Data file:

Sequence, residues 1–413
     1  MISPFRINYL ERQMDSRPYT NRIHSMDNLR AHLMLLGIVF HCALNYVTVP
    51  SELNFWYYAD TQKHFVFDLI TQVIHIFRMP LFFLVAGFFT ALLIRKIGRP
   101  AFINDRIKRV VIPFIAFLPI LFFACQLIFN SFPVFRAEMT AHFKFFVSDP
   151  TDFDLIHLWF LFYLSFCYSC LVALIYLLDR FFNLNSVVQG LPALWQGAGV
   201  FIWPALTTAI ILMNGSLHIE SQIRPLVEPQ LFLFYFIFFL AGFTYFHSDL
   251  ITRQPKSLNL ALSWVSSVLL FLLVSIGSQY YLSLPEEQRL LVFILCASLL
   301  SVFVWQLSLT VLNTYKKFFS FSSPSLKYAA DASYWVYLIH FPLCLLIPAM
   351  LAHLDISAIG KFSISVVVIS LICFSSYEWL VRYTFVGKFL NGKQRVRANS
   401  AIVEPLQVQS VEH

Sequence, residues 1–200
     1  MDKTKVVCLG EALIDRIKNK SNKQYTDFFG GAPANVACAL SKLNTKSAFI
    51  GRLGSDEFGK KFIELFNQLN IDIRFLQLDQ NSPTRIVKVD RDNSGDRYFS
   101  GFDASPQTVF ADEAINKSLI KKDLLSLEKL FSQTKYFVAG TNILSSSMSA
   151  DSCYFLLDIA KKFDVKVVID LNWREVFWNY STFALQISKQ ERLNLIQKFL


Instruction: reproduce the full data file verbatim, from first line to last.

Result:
Sequence, residues 1–413
     1  MISPFRINYL ERQMDSRPYT NRIHSMDNLR AHLMLLGIVF HCALNYVTVP
    51  SELNFWYYAD TQKHFVFDLI TQVIHIFRMP LFFLVAGFFT ALLIRKIGRP
   101  AFINDRIKRV VIPFIAFLPI LFFACQLIFN SFPVFRAEMT AHFKFFVSDP
   151  TDFDLIHLWF LFYLSFCYSC LVALIYLLDR FFNLNSVVQG LPALWQGAGV
   201  FIWPALTTAI ILMNGSLHIE SQIRPLVEPQ LFLFYFIFFL AGFTYFHSDL
   251  ITRQPKSLNL ALSWVSSVLL FLLVSIGSQY YLSLPEEQRL LVFILCASLL
   301  SVFVWQLSLT VLNTYKKFFS FSSPSLKYAA DASYWVYLIH FPLCLLIPAM
   351  LAHLDISAIG KFSISVVVIS LICFSSYEWL VRYTFVGKFL NGKQRVRANS
   401  AIVEPLQVQS VEH

Sequence, residues 1–200
     1  MDKTKVVCLG EALIDRIKNK SNKQYTDFFG GAPANVACAL SKLNTKSAFI
    51  GRLGSDEFGK KFIELFNQLN IDIRFLQLDQ NSPTRIVKVD RDNSGDRYFS
   101  GFDASPQTVF ADEAINKSLI KKDLLSLEKL FSQTKYFVAG TNILSSSMSA
   151  DSCYFLLDIA KKFDVKVVID LNWREVFWNY STFALQISKQ ERLNLIQKFL